Denver Bar Association
December 2007
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Tech Tips For Your New Year

by Brent Simon

Brent here, the friendly Internet and technology technician for the Colorado Bar Association. I’d like to wrap up this year with my perspective on how to keep your computer safe and clean, allowing your computer time to remain efficient and fun. We’re going to knock out the three biggest threats: spyware/malware, viruses and hackers. Oh my! I’ll cover the basics of keeping your computer clean and safe. Cleaning solutions, especially when you get three of them (antispyware, antivirus and a firewall), are expensive! Don’t fret friends; my solutions are legit and free.

What are these threats and why is it important to protect yourself from these? Let’s start from the top:

Spyware/Malware. Basically, this is software that is unintentionally installed on your computer that gathers information about how you surf the Web. This software also can do things like key-logging (see the keys you type in) and hijacking (you go where they want you to, like it or not; like pop-up ads or setting a new home page).

How do you get these and how bad are they? When you install legitimate software, there are check-boxes of options during the install process. Far too often, people click "next" as fast as they can during the install, passing the options that would restrict spyware, and promising their first-born child to Microsoft in their EULA (End User License Agreement, just click "I Accept"; everyone else does.). Another way to get Spy/Malware is through "free" software you see online, like pop-up ads that advertise free smiley faces, or ads that suggest you install a product because your computer is infected.

Before we talk about removing Spyware/Malware, let’s ask, why are they there in the first place? Malware is there to, well, be malicious. It is the bad software that steals your passwords and hijacks your computer. Malware exists because certain nerds have black hearts; don’t worry, they won’t get anything for Christmas, that’s more than enough punishment. Spyware is almost legitimate — almost. Like the name suggests, Spyware spies on your Internet usage to gather information for marketing. What’s your payoff? A bogged-down system because your computer has to send information to other computers so people know how to build the Internet to sell to you.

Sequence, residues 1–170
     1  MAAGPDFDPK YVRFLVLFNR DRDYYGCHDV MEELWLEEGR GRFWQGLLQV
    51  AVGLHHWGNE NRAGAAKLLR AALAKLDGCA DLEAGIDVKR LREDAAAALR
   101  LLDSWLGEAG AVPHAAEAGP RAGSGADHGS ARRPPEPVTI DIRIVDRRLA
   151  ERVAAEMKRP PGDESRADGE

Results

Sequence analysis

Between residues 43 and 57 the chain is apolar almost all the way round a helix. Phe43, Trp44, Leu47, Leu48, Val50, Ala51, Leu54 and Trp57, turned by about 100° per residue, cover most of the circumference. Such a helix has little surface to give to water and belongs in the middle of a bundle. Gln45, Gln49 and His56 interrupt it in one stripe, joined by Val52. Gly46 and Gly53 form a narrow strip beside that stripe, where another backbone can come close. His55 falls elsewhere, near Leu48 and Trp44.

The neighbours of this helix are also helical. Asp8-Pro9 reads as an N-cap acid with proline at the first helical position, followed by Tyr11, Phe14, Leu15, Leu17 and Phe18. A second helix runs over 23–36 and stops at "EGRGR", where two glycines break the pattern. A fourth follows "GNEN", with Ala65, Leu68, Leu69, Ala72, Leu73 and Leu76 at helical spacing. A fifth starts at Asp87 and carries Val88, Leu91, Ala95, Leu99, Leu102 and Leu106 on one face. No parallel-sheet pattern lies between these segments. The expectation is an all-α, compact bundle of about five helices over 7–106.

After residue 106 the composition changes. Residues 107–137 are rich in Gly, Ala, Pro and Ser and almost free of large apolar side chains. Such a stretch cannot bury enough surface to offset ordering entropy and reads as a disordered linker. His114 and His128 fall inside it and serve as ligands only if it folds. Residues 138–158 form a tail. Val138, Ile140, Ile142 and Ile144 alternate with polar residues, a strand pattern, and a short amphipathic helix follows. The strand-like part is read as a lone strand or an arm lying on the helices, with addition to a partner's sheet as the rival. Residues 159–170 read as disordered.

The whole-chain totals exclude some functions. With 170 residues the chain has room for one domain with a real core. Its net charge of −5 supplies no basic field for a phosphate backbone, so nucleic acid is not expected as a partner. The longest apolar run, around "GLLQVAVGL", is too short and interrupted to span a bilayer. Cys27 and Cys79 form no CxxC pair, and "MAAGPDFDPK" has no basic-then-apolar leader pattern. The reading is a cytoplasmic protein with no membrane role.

Here’s an example to illustrate my point. Spyware is similar to the grocery store cards you use to save money at a particular store. That’s Spyware in your wallet or on your keychain. You use the card and all of what you bought is sent to a computer somewhere where it’s analyzed: "This customer bought pop and chips. Our chip sales are down; put pop on sale and we’ll sell more chips."

Let’s get rid of this Spy/Malware. My weapon of choice is "Spybot — Search & Destroy," and it can be found at http://safer-networking.org for free. Install this application and not only will it clean up your spyware, it also will prevent it from getting to you in the first place with a cool immunization feature. The writer of this program does it for free, dedicates it to "the most wonderful girl on earth," does it in almost every language imaginable and, most importantly, accepts donations; if you like the product and what this guy stands for, throw him a couple of dollars.